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Will AI Create the Coronavirus Vaccine?

As the COVID-19 pandemic is shutting down whole countries, a few of you may be wondering whether AI can help create a SARS-CoV-2 vaccine. (COVID-19 is the name of the disease caused by the SARS-CoV-2 virus.) After all, AI is magic, right? Or, at least, this is a rather promising and very hot area of applied AI research, with 221 startups reportedly using AI for drug discovery, including several who have either discovered new compounds or created entirely new drugs using AI.

And yes, AI is being used in connection with COVID-19 and SARS-CoV-2: from understanding the structure of the virus’s spike protein (which attaches to and infects human cells) to genetically sequencing the virus to automating design and testing of virtual molecules with the desired characteristics for the development of a drug to treat it.

AI and machine learning are also being used to:

Will we see a SARS-CoV-2 vaccine created with the help of AI technologies? It remains to be seen. The challenges do not seem to be with the AI tech, or at least not with the discovery side. Some experts say that the vaccine could be created in a lab in a matter of weeks. The challenge lies with the regulatory and manufacturing side.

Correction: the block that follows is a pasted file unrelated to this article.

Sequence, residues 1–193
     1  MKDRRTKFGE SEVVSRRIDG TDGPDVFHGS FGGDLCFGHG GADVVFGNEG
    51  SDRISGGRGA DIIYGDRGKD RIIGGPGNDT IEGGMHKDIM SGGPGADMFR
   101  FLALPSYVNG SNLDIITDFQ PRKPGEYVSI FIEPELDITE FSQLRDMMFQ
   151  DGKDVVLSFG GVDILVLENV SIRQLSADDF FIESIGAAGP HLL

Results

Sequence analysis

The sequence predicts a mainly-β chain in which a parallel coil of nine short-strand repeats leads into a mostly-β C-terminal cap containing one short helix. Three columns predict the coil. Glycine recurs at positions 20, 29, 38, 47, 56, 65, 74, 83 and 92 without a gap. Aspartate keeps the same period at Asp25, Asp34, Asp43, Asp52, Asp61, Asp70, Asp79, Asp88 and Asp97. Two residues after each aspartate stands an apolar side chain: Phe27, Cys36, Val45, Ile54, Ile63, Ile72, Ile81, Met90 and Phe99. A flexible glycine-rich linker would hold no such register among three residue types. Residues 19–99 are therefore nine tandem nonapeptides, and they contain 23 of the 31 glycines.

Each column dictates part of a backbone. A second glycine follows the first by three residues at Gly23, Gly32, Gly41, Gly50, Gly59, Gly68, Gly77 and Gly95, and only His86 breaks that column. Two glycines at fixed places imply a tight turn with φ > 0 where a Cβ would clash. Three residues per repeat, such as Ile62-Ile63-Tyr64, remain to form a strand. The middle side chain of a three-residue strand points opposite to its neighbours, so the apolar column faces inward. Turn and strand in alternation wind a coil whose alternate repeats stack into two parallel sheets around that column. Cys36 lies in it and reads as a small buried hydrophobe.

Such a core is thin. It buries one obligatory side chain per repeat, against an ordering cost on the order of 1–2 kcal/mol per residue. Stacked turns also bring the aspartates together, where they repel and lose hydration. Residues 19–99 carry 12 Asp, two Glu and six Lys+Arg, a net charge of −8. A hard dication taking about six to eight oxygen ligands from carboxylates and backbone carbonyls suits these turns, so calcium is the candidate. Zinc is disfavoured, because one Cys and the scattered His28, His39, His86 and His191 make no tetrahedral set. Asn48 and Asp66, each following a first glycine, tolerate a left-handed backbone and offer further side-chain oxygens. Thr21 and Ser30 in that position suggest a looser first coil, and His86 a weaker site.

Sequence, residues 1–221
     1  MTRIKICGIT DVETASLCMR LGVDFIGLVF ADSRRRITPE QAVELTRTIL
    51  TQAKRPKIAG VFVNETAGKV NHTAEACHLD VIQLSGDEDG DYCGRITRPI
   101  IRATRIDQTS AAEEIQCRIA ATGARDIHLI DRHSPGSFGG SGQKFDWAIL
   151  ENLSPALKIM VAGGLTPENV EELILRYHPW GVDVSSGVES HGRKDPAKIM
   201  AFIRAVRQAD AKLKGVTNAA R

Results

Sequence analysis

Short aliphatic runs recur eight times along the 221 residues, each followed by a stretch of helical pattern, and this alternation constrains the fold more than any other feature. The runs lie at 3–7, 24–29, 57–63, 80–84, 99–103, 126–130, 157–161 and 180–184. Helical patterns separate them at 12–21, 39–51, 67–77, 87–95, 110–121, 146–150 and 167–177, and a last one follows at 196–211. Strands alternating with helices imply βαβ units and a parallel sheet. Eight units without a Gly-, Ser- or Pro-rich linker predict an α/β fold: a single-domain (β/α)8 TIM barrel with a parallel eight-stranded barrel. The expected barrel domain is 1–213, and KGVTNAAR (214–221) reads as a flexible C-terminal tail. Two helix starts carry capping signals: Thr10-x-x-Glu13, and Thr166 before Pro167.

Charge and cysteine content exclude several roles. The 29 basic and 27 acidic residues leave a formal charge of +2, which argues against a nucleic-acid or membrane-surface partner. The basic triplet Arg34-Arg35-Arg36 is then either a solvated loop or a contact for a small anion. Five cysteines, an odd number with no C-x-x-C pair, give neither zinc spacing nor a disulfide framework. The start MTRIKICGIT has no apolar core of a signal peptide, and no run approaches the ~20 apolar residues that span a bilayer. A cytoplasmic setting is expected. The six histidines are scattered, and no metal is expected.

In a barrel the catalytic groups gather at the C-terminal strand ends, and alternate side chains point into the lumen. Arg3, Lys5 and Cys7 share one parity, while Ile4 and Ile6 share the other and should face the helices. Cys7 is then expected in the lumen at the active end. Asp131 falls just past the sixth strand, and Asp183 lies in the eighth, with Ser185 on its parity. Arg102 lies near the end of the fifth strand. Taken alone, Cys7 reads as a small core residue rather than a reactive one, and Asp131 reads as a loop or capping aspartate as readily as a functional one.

First, the vaccine will need to get through clinical trials, which is a long process. Even an accelerated process may take 12 to 18 months to ensure the vaccine is safe and effective.

Also, millions of doses of the vaccine will be needed, and there is currently no established manufacturing process that could be adopted for the SARS-CoV-2 vaccine because “there are no vaccines on the market for any coronavirus, not even SARS or MERS … If this were the flu, manufacturing could be more easily spun up because the technology is in place to mass-produce the annual flu vaccine,” reports Consumer HealthDay.

Our Take

So for now, wash your hands, maintain social distancing, monitor announcements by the health authorities in your area, ensure you have sufficient supplies for a few weeks if you need to stay at home, and don’t panic. We are all likely to get the coronavirus, predicts The Atlantic, but it will not be deadly. (The impact on the economy is entirely another matter, and your analyst wonders about the long term impacts on privacy and human rights as this epidemic has cleared a way for many surveillance technologies.)

For an entertaining and informative take on the coronavirus, watch this episode of John Oliver’s Last Week Tonight show. To prepare your business for the pandemic, visit Info-Tech’s COVID-19 Resource Center.


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